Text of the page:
I reckon there will be some new judges on Australian Idol II.
I still think my theories on the voting system are having an impact.
Update: As I suspected - Paulini got through. Apparently there were more votes tonight than ever before. Rob (Millsy) was voted out. Good decision Australia.
Update: Paulini's Out! and Guy just Climbed Every Mountain!
Update II: Cosima Withdraws from the Show!
20 October, 2003 9:08 AM
I received an email from a college student in the US over the weekend asking for information on Emerging Church's approach to Care.
Due to personal circumstances this week I'm not sure I'm going to be able to get around to answering it so I thought I'd open it up for discussion in the hope that others might be able to offer her some wisdom. Here is what she wrote...
'In my Pastoral Thelogy class I am studing the differences between the traditional, seeker sensitive, and the emerging church. I was hoping that some of my research would come from people who are involved in these churches and who have a understanding of them. If you could give me any information on the views and ways that the emerging church does things it would be greatly appreciated.
The topic is care.
Ministry to the poor/ compassionate ministries
Biblical Example of how the emerging church would do care
Feel free to contribute to the conversation below.
19 October, 2003 6:09 PM
Just saw Japanese Story starring Toni Collette and Gotaro Tsunashim. Its been receiving pretty good reviews in the papers, but I'm afraid I found it rather slow.
The basic plot is about a Japanese man visiting the outback of Australia who falls in love with an Australian woman. There were some good things about the movie — the first half was interesting. The interaction between Japanese and Australian cultures, some amazing scenery (its my favourite part of the world) and some humorous scenes. It was ok until they fell in love — and then I'm afraid I began to doze. Toni was good, but the characters all seemed underdeveloped but the plot ...well it lost the plot. 5 out of 10.
19 October, 2003 11:14 AM
Sauna World Championships. What is it? Basically its the person who remains sitting in a steaming sauna with temperatures between 100-110C for the longest time!
Source - Presurfer
19 October, 2003 10:50 AM
You and Fido have been living together for a few years now. He's been faithful. You know each others routines, likes and dislikes. You can put up with his hair on the couch, woopsies on the porch and his howling at the moon. Perhaps its time to take the relationship to the next level!? You need to contact Marry Your Pet.
18 October, 2003 11:38 AM
Superblessed is holding his annual Christian Blogger awards and has been kind enough to include Living Room in his list. Thanks Ganns. If only he'd have a category for 'ability to post on topics ranging from farting to spiritual formation in the space of an hour'. I think I'd be competitive in that one!
His list is packed with quality links - a lot that I've never heard of before - which says to me that the 'GodBlog' Community is getting bigger and bigger. Check some of them out - there is enough to keep you going for quite some time.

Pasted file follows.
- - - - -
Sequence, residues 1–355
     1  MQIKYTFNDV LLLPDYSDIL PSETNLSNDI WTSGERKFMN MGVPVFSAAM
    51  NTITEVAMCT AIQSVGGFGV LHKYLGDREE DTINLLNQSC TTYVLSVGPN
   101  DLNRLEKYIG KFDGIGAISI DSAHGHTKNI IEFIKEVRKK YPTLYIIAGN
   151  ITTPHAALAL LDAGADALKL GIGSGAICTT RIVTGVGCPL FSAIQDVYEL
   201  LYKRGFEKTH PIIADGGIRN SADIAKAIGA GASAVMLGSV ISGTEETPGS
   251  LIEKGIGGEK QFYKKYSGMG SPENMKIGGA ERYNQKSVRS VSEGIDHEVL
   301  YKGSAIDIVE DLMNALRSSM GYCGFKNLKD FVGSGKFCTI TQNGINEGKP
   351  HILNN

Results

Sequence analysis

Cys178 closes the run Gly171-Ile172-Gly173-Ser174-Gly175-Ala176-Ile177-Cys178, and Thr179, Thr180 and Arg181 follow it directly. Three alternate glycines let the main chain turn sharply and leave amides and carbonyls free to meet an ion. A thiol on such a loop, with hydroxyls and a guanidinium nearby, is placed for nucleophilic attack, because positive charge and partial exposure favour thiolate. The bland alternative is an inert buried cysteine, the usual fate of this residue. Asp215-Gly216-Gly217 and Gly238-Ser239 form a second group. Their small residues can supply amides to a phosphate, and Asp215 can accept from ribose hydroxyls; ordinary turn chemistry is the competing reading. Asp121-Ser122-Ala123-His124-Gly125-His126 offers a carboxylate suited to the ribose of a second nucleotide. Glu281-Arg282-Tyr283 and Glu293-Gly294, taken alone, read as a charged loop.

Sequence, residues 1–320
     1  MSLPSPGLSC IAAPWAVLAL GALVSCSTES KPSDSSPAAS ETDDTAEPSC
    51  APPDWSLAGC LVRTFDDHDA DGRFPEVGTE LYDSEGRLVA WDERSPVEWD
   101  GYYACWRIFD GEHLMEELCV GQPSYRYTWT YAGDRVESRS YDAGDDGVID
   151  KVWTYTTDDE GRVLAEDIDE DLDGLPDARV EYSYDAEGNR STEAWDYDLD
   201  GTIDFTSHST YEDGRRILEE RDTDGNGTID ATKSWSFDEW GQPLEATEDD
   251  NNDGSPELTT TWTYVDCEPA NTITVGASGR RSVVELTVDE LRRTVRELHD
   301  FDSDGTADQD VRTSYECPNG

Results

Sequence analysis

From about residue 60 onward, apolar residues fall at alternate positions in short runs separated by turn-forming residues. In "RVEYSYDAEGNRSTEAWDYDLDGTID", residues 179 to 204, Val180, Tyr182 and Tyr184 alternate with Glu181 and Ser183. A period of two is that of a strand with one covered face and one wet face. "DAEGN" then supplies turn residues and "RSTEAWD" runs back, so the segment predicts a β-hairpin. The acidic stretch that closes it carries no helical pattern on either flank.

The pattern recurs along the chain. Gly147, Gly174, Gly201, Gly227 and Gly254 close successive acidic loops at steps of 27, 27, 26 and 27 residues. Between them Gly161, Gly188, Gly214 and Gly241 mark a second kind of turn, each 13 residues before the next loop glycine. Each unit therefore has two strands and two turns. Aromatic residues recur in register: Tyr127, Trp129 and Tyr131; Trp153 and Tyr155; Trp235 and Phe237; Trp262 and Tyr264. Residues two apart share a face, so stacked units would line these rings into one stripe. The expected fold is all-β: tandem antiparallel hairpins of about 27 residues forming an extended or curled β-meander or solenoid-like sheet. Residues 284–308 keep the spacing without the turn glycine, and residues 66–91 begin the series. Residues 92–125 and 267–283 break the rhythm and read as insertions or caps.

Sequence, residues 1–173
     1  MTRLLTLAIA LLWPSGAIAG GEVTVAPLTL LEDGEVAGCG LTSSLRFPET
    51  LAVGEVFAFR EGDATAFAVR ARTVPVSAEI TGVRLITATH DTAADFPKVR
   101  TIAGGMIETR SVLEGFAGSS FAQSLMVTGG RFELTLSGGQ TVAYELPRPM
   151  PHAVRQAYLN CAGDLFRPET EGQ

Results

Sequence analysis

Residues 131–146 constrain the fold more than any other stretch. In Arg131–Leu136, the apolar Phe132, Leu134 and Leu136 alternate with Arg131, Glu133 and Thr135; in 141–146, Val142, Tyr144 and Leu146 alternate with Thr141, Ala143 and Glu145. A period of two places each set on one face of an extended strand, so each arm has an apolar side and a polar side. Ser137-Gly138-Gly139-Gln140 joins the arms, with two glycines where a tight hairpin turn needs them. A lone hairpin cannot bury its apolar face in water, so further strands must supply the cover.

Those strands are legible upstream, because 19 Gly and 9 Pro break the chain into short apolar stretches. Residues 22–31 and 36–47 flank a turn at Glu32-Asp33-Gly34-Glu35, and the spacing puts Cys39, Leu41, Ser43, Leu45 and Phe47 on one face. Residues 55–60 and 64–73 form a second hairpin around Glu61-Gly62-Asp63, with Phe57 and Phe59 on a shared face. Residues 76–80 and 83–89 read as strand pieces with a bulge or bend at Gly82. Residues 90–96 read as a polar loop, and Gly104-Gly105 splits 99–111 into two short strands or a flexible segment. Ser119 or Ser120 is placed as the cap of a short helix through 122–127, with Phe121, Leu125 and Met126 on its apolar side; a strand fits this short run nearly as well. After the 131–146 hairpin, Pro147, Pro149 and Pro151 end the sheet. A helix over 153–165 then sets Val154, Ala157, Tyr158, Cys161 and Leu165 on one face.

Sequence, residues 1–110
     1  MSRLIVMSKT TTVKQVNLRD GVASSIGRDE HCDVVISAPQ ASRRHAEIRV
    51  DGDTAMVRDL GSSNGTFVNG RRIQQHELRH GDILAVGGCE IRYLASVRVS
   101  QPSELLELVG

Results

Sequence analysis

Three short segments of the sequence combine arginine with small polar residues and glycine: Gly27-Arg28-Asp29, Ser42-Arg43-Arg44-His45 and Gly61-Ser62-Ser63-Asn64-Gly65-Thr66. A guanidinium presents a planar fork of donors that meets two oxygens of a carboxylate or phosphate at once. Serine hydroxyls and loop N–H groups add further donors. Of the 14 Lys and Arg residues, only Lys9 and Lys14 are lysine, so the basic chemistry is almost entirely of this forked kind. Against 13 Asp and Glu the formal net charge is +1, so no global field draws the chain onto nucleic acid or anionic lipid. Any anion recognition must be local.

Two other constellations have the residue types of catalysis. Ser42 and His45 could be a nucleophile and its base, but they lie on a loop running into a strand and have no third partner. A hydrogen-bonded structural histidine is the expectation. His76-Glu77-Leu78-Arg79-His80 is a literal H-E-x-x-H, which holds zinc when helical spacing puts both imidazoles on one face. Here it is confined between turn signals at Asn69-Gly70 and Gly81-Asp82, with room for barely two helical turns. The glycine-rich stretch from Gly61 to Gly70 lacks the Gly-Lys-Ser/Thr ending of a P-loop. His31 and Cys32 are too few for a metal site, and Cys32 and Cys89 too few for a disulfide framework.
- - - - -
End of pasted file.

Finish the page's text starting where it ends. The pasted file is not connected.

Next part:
17 October, 2003 10:55 PM
50 cent is heading for Australia and as usual when such artists announce tours the debate begins as to whether people with criminal records should be allowed in the country.
Its happened before - most recently with Eminem. The protest will be made (I wouldn't be surprised if it is actually started by his tour promoters) - pressure will be applied on the government - there will be a media frenzy - he will be allowed entry - the concerts will happen - they will be sold out due to the publicity - there will be no incidents but lots of rumors - 50 cent will leave Australia a lot richer.
If only George W Bush could pull the same scam on his upcoming visit to Australia - he'd be able to fund his upcoming presidential race purely out of the pockets of teen age Australians.
Hmmm....maybe 50 Cent and George W. Bush are actually one in the same person and they are out here to raise campaigning money! That would explain why they are both here at once. Has anyone ever seen the two of them in the same room before?? I think I might be onto something here.
17 October, 2003 1:49 PM
Michelle (I'm trying to get her to start a blog - it'd be great) has been dropping by my blog for a little while now and last night left a great comment on an old post (Where Would Jesus Go? - which at the time created a bit of debate). I thought it was a pity to leave a good comment like this lurking in the archives where no one will stumble on it. This is what she wrote:
Just gotta throw this into the mix, even though it's an "old" discussion. Here in Cape Town, South Africa, there's a church for prositutes - begun simply because there are those trapped in a lifestyle they can't see out of, but feel they need a place to meet God and that they'd be shunned if they turned up on an ordinary church doorstep. Pretty spot-on re the last one I suspect. Anyway, this church is providing a place for the street ladies to meet God and out of that has come some life-changing stuff.
Yes, we DO need to get out into the world to be able to see and change it. We need to be able to relate to how people "out there" perceive things in order to minister in a relevant way to them. There are many folk who simply won't come to us.